These days ZLD has left Musik Point, & the government’s ZLD & ZLW (& ZLB in the South Island,) which all later came under the umbrella of Telecom, being the replacement that took over from the old P & T., which in turn, has now become a totally new entity, as “Maritime Radio,” & under the umbrella through various subsidiaries, to “Maritime NZ.,” being another different Govt Dept, with the  transfer becoming effective from midnight, & starting on the 1st October 1993 & the operators of which, are now all based in the Old Radio NZ Avalon building, in Avalon, Lower Hutt, Wellington, with transmission facilities, in Wellington & Taupo, plus a network of repeaters, scattered around the country monitoring the whole country, which is now all controlled from this one location.

In the later 1970s early 80s Very High Frequency, (VHF) maritime radio was introduced, which gave many benefits, with all its ongoing ever increasing refinements, & installation of shore based repeaters, on high ground, throughout the country, which  has now ultimately totally replaced the old Medium Frequency DSB & SSB sets, with many advantages to all users, for all local NZ & inshore boating, along with the discontinuation of licensing of individual operators, & inspections by govt inspectors, of all boats so fitted, with RT equipment. 

Also, Radio Spectrum Management, the govt department which these days controls allocates & administers all radio & TV transmissions, call signs & frequencies, has vested in NZ Coastguard, the authority to issue calls signs on its behalf, of a mixed letter number type, such as, (possible examples only), ZMQ 2947, ZMW4526, ZMR 2937, & so on, as a result of the huge demand for these, these days, & the time consuming process it used to be, for R.S.M.

Originally in 1946, this was all under the umbrella of the Post & Telegraph Department to later become Telecom, & remained so for many years, until 1987, when it all started to change & we have ended up, for a good number of years now, with RSM, as the entity in control.

The pleasure craft call sign evolution, & changes to it, are as follows;

As above, all craft up until c1953, were all 4 letters alone.

As they were beginning to run out of call signs, around 1953, the Govt. wrote to all pleasure craft owners, requesting they approve the replacement of their existing all letter call signs with a letter number combination, starting originally, with the first reissued call sign of ZM2001. 

It is important to note that the Govt., could not insist on this by law, & only request it, & if the owners did not consent to the allocation of a new call sign, the original then remained with the boat, & there are a few of boats that still have their original all letter call signs even today.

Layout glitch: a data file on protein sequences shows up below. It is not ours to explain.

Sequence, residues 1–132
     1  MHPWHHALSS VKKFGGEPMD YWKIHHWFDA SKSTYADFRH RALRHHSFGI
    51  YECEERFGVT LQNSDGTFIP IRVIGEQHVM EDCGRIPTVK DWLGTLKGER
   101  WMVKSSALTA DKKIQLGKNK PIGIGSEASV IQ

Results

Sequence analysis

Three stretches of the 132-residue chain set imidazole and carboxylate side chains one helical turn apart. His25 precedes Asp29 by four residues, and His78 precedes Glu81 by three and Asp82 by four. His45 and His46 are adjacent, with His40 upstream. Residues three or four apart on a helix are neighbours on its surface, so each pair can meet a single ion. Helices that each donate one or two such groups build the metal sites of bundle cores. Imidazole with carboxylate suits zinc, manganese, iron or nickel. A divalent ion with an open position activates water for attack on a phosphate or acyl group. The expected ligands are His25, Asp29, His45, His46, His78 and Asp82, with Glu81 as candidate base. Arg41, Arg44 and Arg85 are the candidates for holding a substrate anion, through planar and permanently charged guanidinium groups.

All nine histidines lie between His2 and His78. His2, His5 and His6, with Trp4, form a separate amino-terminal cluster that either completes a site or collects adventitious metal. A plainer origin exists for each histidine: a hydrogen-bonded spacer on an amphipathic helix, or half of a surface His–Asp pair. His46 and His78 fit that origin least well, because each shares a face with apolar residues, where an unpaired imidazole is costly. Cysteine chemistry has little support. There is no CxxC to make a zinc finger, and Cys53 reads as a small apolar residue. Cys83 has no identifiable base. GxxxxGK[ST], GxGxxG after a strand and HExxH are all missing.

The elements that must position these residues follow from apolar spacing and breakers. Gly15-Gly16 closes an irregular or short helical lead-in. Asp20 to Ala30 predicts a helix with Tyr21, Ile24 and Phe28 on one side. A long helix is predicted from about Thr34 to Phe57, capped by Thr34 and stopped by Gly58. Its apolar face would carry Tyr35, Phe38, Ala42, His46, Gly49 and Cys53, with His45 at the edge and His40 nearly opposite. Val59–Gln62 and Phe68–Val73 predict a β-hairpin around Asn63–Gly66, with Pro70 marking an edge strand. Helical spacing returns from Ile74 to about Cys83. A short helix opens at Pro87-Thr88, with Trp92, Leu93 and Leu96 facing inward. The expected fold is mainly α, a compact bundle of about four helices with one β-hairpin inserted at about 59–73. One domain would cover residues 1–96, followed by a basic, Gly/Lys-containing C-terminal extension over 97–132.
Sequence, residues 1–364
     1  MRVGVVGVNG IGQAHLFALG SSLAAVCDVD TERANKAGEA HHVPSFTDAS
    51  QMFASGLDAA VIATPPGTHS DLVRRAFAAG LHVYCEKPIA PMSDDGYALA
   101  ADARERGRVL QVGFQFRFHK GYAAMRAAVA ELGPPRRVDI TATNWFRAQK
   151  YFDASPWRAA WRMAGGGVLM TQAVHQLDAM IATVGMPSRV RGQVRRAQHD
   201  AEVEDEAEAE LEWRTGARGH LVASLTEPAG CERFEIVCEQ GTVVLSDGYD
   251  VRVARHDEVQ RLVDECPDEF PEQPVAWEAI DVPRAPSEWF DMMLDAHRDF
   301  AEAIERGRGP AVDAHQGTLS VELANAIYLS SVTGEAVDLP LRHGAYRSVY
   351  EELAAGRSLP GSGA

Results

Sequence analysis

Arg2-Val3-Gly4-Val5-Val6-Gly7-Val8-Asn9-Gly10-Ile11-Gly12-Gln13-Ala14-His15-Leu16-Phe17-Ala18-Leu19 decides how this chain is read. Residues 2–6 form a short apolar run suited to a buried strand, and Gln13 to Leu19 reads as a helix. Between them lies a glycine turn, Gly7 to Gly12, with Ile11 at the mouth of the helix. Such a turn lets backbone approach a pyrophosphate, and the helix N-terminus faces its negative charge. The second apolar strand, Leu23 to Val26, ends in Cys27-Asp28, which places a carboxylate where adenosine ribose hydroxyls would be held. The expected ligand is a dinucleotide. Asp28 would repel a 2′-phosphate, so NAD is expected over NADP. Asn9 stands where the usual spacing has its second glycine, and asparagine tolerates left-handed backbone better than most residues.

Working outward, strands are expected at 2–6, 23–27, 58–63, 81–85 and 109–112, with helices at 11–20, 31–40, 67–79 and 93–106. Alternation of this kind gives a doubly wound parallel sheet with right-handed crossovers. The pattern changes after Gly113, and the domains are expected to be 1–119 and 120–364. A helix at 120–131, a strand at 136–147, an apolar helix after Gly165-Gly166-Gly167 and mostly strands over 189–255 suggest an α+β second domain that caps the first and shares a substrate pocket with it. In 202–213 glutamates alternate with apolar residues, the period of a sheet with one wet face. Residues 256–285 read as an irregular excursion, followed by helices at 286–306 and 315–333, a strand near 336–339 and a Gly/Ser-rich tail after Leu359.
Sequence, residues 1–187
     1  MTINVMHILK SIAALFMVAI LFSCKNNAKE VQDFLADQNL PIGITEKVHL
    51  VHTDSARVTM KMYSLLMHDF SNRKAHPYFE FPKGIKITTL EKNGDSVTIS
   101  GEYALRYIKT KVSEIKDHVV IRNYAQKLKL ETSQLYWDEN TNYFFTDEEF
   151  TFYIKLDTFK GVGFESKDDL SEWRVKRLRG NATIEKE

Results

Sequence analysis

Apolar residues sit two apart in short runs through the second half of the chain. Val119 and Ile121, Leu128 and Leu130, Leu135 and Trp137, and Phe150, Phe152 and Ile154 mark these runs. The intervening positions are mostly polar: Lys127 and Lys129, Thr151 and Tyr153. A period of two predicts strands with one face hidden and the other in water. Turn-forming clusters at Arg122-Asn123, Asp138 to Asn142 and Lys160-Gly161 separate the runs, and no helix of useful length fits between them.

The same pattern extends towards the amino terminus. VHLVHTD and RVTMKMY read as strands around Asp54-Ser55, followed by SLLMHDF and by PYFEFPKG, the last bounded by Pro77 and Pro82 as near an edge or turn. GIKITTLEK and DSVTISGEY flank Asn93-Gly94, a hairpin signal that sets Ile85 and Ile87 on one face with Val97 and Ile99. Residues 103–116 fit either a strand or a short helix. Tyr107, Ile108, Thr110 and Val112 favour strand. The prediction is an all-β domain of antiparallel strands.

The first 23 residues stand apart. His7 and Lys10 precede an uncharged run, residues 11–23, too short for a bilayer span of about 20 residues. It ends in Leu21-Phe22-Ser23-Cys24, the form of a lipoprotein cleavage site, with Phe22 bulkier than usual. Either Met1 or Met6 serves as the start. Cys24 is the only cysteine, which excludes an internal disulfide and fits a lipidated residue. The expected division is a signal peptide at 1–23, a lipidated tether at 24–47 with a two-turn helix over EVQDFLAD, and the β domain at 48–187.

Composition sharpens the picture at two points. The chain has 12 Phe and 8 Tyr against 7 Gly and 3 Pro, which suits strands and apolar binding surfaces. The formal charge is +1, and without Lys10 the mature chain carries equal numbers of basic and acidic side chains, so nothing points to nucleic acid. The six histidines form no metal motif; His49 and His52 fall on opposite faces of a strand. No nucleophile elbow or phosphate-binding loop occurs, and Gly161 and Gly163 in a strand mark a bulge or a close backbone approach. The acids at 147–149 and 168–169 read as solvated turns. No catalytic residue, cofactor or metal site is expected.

Neither Ken’s father nor the owner/builder of GAY DAWN, Bill Waters, who RR bought the boat off in 1956, surrendered their original all letter call signs, for their respective boats, —  (see image above of GAY DAWN taken c1965, showing clearly, a typical DSB aerial set up as used for many of the DSB, SSB, medium frequency sets of that era), —  RR sold JULIANA in 1956 with ZMYP, (which was somewhere along the way, later either abandoned, or replaced, with letter number combo call sign), & now, as referred to below, is reinstated to her for life. RR bought in 1956 & sold in 1970, GAY DAWN, with ZMIV in place, which however, also later along the way, was replaced by persons unknown, with a letter number combo, at least once, note: ZMIV has now been reallocated to the Rickett’s family and used on the vessel ROSEANNE, which is owned by Ken’s daughter.

GAY DAWN C.1965

Such was the ever increasing size of the “snowball,” of pleasure craft sets, that it was not all that long, before the original issue of the ZM2001 to ZM9999 were all allocated, & we then saw the issue of  ZMA2001 to ZMA9999, followed by the final issue to the SSB era, which was ZMY2001 to ZMY9999. 

It is important to note, that all call sign issues right from ZM 4 letter, ZM+, ZMA, ZMY, & ZMX, & all Coastguard issued call signs are approved & provide for use of all VHF sets.    

All letter only call signs, which are all just 4 letters alone, must still be issued by R.S.M. direct, & are mostly reserved for all Govt vessels,(eg., all the Police DEODAR launches were & still are, all allocated ZMIH, during their term of service to the Police), also some very large off shore fishing vessels, & some NZ based pleasure boats, that cruise off shore, or are capable of cruising offshore have these call signs allocated as well. 

Other pleasure craft, that have some classic, historical, or other special significance, are also issued these, at the discretion of RSM.    

Ken has enjoyed a close & good relationship with RSM, for many years, & there are some interesting background stories relating to the issue of some of these special allocations of all letter call signs, which Ken has been associated with, & some of these are as follows. There are a tiny number of pleasure craft that were built prior to about 1953, where the owners did not approve replacing their original call sign, which the dept. would have requested, but could not insist upon in c1953. 

Two examples of this are as follows;